Tuesday, April 2, 2013

Review: Victoria Rebels - Carolyn Meyer

Victoria Rebels by Carolyn Meyer
Genre: YA, historical fiction
Published on January 1, 2013
Published by Paula Wiseman Books
Pages: 265
Read From: 3.24.13 - 3.25.13

Even as a young girl, Princess Victoria knew that one day she will be queen of England. No one speaks this truth, but everyone knows it, just as everyone gossips about who will make a suitable husband for the future monarch. At seventeen, most princesses are at least paired, if not married. But not Victoria. 

Victoria is at odds with her strict and controlling mother, who writes her hurtful letters whenever Victoria displeases her. She deeply resents the presence of her mother's adviser, Sir John Conroy, and his boundless ambition. She is troubled by her mother's ill feeling toward King William and his family. Isolated and lonely, her days dull and tedious, Victoria feels trapped. Is this what life will be like when she is queen? 
Then, at her seventeenth birthday party, Victoria meets Albert. Prince Albert is not only extraordinarily handsome but clever and charming. Could he be her future consort?


Cover Blurb: Yes or No? Surprisingly, yes, though if it weren’t a historical fiction novel I probably wouldn’t like it. But it’s a clear indication of what the book will be about, and the character impersonator is in a profile, which I don’t usually mind.

Characters: At first, the Reader is presented with a picture of young Victoria which we can easily sympathize with. Here’s a girl who grew up with seemingly everything, being a princess, and yet she virtually led the life of a prisoner, as Sir Conroy and her mother continually kept her under their thumb. But as the story progresses, Victoria became a little less sympathetic in my view, for though she largely had youth an inexperience to blame her mistakes on, she turned a blind eye to good advice and was often unduly mean to Albert. Sir Conroy is very easy to hate, as is Victoria’s mother. I wish I could have gotten to know Albert better. The Young Victoria isn’t the most historically accurate movie ever made, that is definitely true, but I did like how attached I became to Albert in it, and in Victoria Rebels, I just didn’t get that.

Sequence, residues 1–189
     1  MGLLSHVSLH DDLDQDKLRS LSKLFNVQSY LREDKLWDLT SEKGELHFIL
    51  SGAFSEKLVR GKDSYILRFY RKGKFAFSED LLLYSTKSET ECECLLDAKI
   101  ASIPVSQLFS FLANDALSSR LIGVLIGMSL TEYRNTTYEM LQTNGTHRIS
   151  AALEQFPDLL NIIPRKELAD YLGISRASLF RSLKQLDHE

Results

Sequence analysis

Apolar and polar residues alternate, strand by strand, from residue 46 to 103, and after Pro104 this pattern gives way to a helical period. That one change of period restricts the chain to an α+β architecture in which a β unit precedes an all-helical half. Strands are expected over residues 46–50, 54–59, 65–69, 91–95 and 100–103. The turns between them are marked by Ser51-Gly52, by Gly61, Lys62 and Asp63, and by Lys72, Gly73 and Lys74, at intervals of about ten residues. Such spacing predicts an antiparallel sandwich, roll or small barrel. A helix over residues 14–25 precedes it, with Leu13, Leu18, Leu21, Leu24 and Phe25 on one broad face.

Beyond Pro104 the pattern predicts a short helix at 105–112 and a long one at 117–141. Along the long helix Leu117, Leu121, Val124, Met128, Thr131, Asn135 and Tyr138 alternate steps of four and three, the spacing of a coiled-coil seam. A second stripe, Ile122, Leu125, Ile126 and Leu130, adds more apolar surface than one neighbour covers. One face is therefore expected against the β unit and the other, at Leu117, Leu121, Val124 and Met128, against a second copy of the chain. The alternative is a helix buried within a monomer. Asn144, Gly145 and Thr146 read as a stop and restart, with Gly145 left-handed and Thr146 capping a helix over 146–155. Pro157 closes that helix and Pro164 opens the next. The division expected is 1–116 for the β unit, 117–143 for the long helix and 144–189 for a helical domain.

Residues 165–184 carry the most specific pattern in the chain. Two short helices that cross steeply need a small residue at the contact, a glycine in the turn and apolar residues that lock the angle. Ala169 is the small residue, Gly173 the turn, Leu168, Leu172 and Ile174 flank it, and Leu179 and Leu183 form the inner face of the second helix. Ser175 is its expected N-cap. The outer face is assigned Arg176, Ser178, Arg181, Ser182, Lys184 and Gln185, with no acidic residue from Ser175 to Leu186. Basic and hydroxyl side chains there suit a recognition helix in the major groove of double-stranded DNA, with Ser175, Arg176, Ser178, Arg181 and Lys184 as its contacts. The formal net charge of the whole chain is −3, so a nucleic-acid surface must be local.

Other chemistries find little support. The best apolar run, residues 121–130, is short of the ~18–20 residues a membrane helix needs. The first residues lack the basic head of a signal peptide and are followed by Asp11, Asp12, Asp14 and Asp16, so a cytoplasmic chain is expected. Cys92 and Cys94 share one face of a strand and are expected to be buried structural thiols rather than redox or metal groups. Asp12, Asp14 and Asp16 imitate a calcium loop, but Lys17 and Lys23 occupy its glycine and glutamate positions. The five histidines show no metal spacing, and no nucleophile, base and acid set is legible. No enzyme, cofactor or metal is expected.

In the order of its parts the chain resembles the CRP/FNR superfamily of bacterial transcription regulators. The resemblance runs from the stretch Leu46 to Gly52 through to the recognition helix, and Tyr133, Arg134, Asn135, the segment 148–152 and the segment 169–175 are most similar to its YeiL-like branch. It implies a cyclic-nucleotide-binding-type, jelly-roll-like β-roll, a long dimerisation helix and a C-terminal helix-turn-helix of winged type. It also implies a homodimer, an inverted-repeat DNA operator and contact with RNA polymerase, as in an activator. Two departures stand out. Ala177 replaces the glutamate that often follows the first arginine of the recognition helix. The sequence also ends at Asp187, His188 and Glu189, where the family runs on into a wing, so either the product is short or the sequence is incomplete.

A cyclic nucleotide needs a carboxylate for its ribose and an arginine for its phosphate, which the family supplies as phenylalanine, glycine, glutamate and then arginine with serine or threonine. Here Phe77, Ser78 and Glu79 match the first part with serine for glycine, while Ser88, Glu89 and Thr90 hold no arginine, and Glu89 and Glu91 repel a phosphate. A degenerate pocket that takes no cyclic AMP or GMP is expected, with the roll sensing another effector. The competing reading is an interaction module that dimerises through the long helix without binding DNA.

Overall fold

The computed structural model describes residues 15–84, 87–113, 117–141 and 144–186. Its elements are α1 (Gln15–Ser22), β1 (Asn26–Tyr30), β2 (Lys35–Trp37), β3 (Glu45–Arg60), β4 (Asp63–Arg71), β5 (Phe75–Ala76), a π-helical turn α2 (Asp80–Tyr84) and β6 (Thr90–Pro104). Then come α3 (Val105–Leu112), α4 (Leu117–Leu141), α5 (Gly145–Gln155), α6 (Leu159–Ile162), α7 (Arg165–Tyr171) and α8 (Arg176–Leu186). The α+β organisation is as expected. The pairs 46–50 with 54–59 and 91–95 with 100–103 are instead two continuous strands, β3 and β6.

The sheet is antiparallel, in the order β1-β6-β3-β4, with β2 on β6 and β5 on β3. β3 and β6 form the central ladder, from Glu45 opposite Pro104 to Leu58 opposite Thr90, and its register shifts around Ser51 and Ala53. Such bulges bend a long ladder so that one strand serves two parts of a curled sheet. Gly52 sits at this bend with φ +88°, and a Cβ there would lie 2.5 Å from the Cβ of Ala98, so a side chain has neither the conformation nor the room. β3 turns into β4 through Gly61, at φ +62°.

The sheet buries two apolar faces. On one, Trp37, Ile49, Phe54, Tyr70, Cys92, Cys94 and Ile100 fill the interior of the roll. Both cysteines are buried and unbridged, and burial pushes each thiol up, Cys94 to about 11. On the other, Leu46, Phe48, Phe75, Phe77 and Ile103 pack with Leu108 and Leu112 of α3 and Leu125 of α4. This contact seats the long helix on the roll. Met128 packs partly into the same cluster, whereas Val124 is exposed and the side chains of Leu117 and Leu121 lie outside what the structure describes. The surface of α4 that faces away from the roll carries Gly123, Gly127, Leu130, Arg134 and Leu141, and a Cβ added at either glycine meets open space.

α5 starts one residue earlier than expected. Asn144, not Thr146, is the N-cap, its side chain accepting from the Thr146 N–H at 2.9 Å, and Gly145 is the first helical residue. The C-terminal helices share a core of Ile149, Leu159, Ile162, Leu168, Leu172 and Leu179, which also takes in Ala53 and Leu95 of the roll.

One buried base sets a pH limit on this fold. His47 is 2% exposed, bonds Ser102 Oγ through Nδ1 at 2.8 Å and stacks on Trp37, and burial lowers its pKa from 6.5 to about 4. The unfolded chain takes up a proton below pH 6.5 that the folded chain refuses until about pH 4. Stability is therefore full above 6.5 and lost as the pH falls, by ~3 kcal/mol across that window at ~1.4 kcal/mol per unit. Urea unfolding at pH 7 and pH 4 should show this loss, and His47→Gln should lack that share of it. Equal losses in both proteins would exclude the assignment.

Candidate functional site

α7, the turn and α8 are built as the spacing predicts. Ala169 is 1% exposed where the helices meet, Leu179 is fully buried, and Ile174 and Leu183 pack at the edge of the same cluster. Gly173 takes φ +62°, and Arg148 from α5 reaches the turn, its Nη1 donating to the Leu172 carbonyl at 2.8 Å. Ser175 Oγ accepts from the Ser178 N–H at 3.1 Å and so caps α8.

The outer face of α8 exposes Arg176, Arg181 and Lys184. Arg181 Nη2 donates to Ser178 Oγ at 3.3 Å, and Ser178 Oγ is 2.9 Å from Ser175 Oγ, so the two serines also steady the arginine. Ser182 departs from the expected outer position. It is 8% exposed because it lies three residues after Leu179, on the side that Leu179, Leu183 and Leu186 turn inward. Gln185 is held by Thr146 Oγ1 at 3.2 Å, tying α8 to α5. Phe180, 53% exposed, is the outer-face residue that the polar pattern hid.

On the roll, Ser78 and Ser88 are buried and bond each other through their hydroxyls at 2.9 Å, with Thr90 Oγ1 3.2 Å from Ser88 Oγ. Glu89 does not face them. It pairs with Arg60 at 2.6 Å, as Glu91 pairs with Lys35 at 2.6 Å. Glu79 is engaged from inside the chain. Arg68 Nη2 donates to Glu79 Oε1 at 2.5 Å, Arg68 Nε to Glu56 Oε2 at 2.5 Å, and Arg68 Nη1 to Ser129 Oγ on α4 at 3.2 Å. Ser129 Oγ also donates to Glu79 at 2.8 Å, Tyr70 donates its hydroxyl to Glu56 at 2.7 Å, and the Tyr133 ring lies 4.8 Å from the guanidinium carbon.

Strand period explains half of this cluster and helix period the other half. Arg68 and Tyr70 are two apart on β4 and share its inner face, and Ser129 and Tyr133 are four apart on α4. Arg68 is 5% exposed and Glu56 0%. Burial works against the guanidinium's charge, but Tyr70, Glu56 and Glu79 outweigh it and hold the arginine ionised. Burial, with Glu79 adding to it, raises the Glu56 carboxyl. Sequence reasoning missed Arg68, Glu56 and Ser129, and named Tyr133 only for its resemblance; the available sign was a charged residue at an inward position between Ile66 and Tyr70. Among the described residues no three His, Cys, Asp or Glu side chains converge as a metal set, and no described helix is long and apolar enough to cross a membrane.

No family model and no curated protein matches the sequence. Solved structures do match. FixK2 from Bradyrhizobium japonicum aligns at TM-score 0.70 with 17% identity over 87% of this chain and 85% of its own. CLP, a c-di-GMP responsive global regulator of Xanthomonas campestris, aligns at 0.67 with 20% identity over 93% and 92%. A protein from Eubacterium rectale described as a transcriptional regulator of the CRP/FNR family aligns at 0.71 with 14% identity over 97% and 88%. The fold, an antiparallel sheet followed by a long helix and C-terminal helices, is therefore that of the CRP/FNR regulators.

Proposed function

The Romance: Victoria and Albert’s romantic attachment is very swift, and really only dealt with at the end of the book, so there is, in fact, very little romance. For once, I actually lamented it. I was looking forward to learning more about Victoria and Albert’s relationship.

Plot: How Victoria became queen makes for a rather interesting plot. While not history’s most exciting ascension-to-the-throne story, I still find it engaging, and Carolyn Meyer brings it to life. It’s difficult, at first, to sort out how everyone is related to Victoria (I still don’t wholly understand her family tree), but after a while it makes sense, and you’re able to sit back and enjoy the story. The plot isn’t, perhaps, as detailed as I would like - it covers events of several years, - but I still found it a fascinating look into Victoria’s early reign.

Believability: While I know a great deal about the Victorian era itself, I actually don’t know a great deal about Queen Victoria. But as always, I have faith in this Author’s research, and she yet again provides a very interesting and informative historical note at the end of the book.

Writing Style: While I usually detest copious CAPITALIZATION and words underlined instead of italicized, I didn’t mind it so much in this book, because it made it feel like it was written in the form of a journal, even though that isn’t the format the book adopts.

Content: None.

Conclusion: Rather abrupt, and I do rather wish that the book had covered more events after she and Albert were married. It was, in my opinion, a little too short. But all in all, it’s a worthwhile and fast read.

Recommended Audience: Girl-read, fourteen-and-up, good for those who want to know more about Queen Victoria.

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